Addressing California’s Meth Epidemic: Senator Wiener Seeks to Implement Incentivized Recovery Programs through SB 110

A police officer finds drugs during the search of drug dealers. File Photo. Credit: Getty Images

By Eric Grammatico

SACRAMENTO, CA – Senator Scott Wiener’s Senate Bill 110 successfully passed through the State Assembly Committee on Health on last week.

The bill would legalize the allocation of funds from Medi-Cal to help implement Contingency Management (CM) interventions throughout the state. CM intervention is a tried and proven method of approaching substance abuse by setting up reward systems based on tangible prizes as recipients remain sober throughout the process.

The California methamphetamine epidemic reached a new high in 2020 with an estimated 4,606 meth-related deaths, according to the CDC. This number makes up 27 percent of all drug-related deaths, making meth the second most deadly drug.

To put these numbers into further perspective, the CDC reported 5,659 opiate-related deaths in the same year, amounting to 33 percent of all overdose deaths reported in the state.

Reports also showed a spike in meth- and opiate-related deaths at the beginning of the pandemic, and experts are now linking the rise in deaths to mandated lockdowns. Forced isolation and the lack of supervision by their peers appeared to have opened the door to the fatal abuse of drugs all across the spectrum.

“According to the San Francisco Department of Public Health (SFDPH), since 2008, meth overdose deaths in San Francisco have increased by 500 percent. Additionally, 50 percent of psychiatric emergency room admissions at San Francisco General Hospital are now meth-related. These disturbing statistics demonstrate the urgency with which San Francisco and other communities must address this epidemic,” stated Sen. Wiener’s office.

The CEO of APLA Health, Craig E. Thompson, said in a statement, “In Los Angeles County alone, meth-related deaths increased over 900 percent from 2008 to 2018 and meth is now linked to more deaths than any other drug. SB 110 is a timely and urgent measure that will expand access to highly effective contingency management services and save lives.”

“There is currently no form of Medication-Assisted Treatment (MAT) for meth, unlike with opioids where treatment options such as methadone are available” according to a statement from Wiener’s office, adding that is why the use of Contingency Management programs are critical in reducing the meth epidemic.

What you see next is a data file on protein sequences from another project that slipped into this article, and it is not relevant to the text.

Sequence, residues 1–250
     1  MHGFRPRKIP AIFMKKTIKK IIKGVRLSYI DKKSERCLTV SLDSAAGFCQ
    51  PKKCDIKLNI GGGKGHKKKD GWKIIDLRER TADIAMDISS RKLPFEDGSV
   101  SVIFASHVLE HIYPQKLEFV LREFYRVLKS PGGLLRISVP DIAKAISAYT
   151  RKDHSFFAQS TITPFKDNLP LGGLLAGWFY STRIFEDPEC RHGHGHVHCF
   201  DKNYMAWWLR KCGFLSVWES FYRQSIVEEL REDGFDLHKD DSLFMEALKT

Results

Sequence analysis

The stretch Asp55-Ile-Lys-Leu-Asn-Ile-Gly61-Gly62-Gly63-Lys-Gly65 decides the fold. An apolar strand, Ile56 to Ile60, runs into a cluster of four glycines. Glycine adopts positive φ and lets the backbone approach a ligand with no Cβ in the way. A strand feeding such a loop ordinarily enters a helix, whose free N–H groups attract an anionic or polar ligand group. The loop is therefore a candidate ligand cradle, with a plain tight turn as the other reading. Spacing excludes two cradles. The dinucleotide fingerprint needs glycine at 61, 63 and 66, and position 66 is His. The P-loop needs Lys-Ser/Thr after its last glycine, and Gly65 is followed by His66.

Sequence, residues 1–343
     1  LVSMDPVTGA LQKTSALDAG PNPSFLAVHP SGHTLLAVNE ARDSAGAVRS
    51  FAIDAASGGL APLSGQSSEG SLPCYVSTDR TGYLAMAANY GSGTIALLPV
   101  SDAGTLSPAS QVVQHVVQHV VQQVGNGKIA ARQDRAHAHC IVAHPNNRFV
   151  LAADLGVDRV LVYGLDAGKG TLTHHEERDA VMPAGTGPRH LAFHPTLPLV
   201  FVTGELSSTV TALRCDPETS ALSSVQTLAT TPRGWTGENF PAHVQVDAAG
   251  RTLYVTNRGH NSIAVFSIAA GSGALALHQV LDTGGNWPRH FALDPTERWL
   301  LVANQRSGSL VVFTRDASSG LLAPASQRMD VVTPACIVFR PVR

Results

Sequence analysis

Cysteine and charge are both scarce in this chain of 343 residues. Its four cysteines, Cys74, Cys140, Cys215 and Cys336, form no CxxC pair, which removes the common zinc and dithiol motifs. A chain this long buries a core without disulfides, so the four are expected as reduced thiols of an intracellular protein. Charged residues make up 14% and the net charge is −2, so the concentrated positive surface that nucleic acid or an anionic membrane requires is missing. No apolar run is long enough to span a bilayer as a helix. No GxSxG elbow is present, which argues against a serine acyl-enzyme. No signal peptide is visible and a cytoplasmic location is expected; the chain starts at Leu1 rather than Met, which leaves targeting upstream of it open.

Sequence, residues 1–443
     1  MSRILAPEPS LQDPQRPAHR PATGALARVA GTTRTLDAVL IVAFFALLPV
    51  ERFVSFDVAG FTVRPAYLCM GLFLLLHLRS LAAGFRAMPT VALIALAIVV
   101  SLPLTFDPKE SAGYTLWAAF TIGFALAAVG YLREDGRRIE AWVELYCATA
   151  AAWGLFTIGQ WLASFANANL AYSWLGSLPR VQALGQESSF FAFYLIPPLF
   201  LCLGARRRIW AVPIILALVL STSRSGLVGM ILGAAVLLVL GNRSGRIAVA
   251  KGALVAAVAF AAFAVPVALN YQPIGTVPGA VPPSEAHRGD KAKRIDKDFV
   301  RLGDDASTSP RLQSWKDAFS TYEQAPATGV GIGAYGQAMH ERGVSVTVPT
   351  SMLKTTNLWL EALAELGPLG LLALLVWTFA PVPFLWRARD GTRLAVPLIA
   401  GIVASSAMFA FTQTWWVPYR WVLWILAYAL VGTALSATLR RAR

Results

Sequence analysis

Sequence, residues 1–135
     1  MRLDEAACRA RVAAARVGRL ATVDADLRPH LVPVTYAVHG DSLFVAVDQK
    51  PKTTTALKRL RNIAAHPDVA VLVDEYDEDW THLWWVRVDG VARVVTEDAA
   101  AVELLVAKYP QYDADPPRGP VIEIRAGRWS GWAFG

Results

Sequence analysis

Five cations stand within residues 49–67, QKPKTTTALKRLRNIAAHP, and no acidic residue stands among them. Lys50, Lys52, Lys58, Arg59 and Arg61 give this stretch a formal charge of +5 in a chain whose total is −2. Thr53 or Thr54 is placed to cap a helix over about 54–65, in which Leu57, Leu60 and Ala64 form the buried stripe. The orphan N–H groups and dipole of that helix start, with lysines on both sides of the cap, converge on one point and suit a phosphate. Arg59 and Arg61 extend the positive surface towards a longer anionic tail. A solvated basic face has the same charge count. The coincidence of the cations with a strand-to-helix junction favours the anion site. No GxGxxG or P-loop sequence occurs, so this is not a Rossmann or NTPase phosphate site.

According to a News Nation USA article published this year, Contingency Management programs have been implemented by the Department of Veteran Affairs, yielding surprisingly successful results.

The [VA] has long employed the therapy, providing it to more than 5,600 veterans. Some 92 percent of the 72,000 urine samples collected during treatment tested negative for the targeted drug, said Dominick DePhilippis, a clinical psychologist and researcher who helped launch the VA’s program in 2011.

Director of Harm Reduction Policy at San Francisco AIDS Foundation, Laura Thomas, said, “Contingency management is an evidence-based treatment that meets people where they are at and should be recognized as a critical service to support people who use drugs. It is important for Medi-Cal to offer reimbursement to organizations who offer this service. It saves lives and addresses substance use from a perspective rooted in public health science.”

According to Dr. Vitka Eisen, President and CEO of Health RIGHT 360: “At a time when substance use, including the use of methamphetamine, is on the rise and we are grappling with an overdose crisis, we have seen some policymakers try to take a dangerous step away from evidence-based treatment.

“We applaud Senator Scott Wiener for listening to science and following evidence-based substance use treatment practices with contingency management programs. We know that contingency management works and can help alleviate the meth crisis throughout California.”

About The Author

Eric Grammatico is a 3rd year English major at the University of California, Berkeley. He is from Stockton, CA.

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3 Comments

  1. Keith Olsen

    Last week we heard our California legislators were pushing for neighborhood safe spaces for drug users and now they’re pushing for giving drug users money and prizes as incentives.  It doesn’t show how much those incentives might be but I did find this:

    Incentive magnitude. If a CM program had unlimited resources, they could reward short periods of sobriety with expensive electronics, cars, or houses. In reality, CM programs work to find the balance between what is practical and what is rewarding. Some people may need higher levels to remain engaged. Aspects to consider include:

    Past use.
    Past success with recovery.
    Strength of social supports.
    Past response to rewards.
    https://drugabuse.com/treatment/contingency-management/

  2. Keith Olsen

    The bill would legalize the allocation of funds from Medi-Cal to help implement Contingency Management (CM) interventions throughout the state. CM intervention is a tried and proven method of approaching substance abuse by setting up reward systems based on tangible prizes as recipients remain sober throughout the process.

    Just think of the possibilities if this program could expand by setting up reward systems based on tangible prizes for people to stop smoking, teens to abstain from having sex, obese people to diet, etc…

    I’m sure we have unlimited funds in Medi-Cal to pull from.

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